While some people seem to be upset about stepping on the name of Jesus, others are profiting from it.
Righteous indignation often takes on such dramatic flair with some people. Zealots of any belief system, be it secular or sacred, are the easiest to offend and the quickest to seek retribution. If there is even the slightest indication of offense, hair-on-fire accusations spew forth and the lighting of torches and burning of tar are not far behind.
Such is the case with the recent incident that occurred at Florida Atlantic University, a state university of some 30,000 students located in Boca Raton, Florida. It appears that a professor at the university that was teaching an intercultural communications class had the students engage in an exercise that required them to write the name of “Jesus” on a piece of paper and reflect on it for a moment. Then they were asked to step on the paper and talk about how that made them feel.
The object lesson of the exercise was ”to encourage students to view issues from many perspectives, in direct relation with the course objectives,” said Noemi Marin, the university’s director of the school of communication and multimedia studies. One student however felt his “religious rights [were being] desecrated” and claimed he was “being punished” for refusing to participate in the class exercise.
That student is Ryan Rotela who is reported to be “a devout Mormon” and a junior at FAU’s Davie campus. Yet there is nothing to indicate that Ryan was in fact punished. Clearly Ryan is the source of this story that leaked to the media and before it was he acquired a lawyer, Hiram Sasser, to inform everyone that he received a notice asking him to “attend a Student Conduct Conference.”
The notice simply says that Ryan is “not [to] attend class (SPC 3710) or contact any of the students involved in this matter – verbally or electronically – or by any other means.” It appears this was just a procedural move on the part of the university to investigate the matter before the public got wind of it and the rumors started flying. Whether Ryan deliberately disregarded this procedure for personal reasons or simply lost control of how it made its way outside the university is not clear.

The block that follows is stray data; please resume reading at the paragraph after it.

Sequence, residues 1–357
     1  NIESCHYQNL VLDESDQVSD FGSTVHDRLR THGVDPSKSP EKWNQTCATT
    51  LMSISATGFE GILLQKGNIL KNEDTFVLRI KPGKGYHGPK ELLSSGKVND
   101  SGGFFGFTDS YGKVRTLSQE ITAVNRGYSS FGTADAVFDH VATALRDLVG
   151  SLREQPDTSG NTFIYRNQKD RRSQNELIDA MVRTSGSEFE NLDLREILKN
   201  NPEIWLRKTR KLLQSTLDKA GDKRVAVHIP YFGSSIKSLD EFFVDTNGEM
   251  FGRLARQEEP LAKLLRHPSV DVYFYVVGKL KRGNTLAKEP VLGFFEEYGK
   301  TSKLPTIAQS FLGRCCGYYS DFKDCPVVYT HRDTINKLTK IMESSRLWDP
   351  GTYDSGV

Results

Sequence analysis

What does seem apparent though is that he has solicited the services of a lawyer who is the director of Litigation for Liberty Institute, an advocacy organization whose website claims it is “dedicated to defending and restoring religious liberty across America.”
It isn’t clear why Mr. Rotela sought out Mr. Sasser,or any attorney for that matter, since the University is asserting that they had no intention of punishing the student. But Mr. Sasser claims that “school officials told Rotelas he would be suspended”. It appears we have a he said, she said controversy.
There is nothing on Ryan Rotela’s Facebook page that would indicate he is anything other than a young university student who, ironically appears to “like” atheist Christopher Hitchens and Che Guevara. His “Proud to be an American” header seems to indicate he holds strong personal feelings about personal liberty. Time will tell if Ryan was sincere in his reaction to the exercise or is party to a cause célèbre for the religious right, spearheaded by the Liberty Institute.
Where this whole hair-on-fire storm took off to a fanatical level appears to be from the public display his right-wing lawyer has engaged in. Once the right-wing Governor of Florida, Rick Scott, got wind of this, the incident became something short of the crucifixion of Jesus Christ himself. Scott has demanded a detailed report from state university system Chancellor Frank Brogan regarding the incident.